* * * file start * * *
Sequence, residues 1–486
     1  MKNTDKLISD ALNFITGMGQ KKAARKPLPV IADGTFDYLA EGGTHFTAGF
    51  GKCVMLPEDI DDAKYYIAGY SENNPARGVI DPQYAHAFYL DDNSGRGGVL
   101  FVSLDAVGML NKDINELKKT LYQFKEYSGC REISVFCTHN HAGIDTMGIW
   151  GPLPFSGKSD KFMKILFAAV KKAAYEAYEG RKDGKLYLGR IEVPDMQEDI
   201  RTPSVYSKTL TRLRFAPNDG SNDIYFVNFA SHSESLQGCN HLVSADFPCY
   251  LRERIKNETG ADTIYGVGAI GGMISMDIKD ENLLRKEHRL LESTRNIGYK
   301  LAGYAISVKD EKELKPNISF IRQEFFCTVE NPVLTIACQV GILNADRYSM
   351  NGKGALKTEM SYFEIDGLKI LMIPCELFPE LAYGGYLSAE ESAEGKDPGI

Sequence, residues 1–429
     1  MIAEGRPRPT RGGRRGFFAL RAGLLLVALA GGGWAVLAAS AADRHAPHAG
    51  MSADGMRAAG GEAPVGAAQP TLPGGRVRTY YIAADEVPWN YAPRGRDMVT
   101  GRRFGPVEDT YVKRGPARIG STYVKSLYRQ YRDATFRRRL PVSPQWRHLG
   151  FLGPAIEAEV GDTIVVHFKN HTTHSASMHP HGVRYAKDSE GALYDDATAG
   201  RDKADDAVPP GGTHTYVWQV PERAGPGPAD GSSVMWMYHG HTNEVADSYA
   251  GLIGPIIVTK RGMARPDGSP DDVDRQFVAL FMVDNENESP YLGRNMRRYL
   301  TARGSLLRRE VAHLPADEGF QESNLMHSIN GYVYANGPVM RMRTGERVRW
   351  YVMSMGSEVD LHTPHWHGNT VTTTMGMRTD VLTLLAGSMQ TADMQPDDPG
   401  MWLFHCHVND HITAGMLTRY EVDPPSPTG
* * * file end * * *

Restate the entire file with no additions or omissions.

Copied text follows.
Sequence, residues 1–486
     1  MKNTDKLISD ALNFITGMGQ KKAARKPLPV IADGTFDYLA EGGTHFTAGF
    51  GKCVMLPEDI DDAKYYIAGY SENNPARGVI DPQYAHAFYL DDNSGRGGVL
   101  FVSLDAVGML NKDINELKKT LYQFKEYSGC REISVFCTHN HAGIDTMGIW
   151  GPLPFSGKSD KFMKILFAAV KKAAYEAYEG RKDGKLYLGR IEVPDMQEDI
   201  RTPSVYSKTL TRLRFAPNDG SNDIYFVNFA SHSESLQGCN HLVSADFPCY
   251  LRERIKNETG ADTIYGVGAI GGMISMDIKD ENLLRKEHRL LESTRNIGYK
   301  LAGYAISVKD EKELKPNISF IRQEFFCTVE NPVLTIACQV GILNADRYSM
   351  NGKGALKTEM SYFEIDGLKI LMIPCELFPE LAYGGYLSAE ESAEGKDPGI

Sequence, residues 1–429
     1  MIAEGRPRPT RGGRRGFFAL RAGLLLVALA GGGWAVLAAS AADRHAPHAG
    51  MSADGMRAAG GEAPVGAAQP TLPGGRVRTY YIAADEVPWN YAPRGRDMVT
   101  GRRFGPVEDT YVKRGPARIG STYVKSLYRQ YRDATFRRRL PVSPQWRHLG
   151  FLGPAIEAEV GDTIVVHFKN HTTHSASMHP HGVRYAKDSE GALYDDATAG
   201  RDKADDAVPP GGTHTYVWQV PERAGPGPAD GSSVMWMYHG HTNEVADSYA
   251  GLIGPIIVTK RGMARPDGSP DDVDRQFVAL FMVDNENESP YLGRNMRRYL
   301  TARGSLLRRE VAHLPADEGF QESNLMHSIN GYVYANGPVM RMRTGERVRW
   351  YVMSMGSEVD LHTPHWHGNT VTTTMGMRTD VLTLLAGSMQ TADMQPDDPG
   401  MWLFHCHVND HITAGMLTRY EVDPPSPTG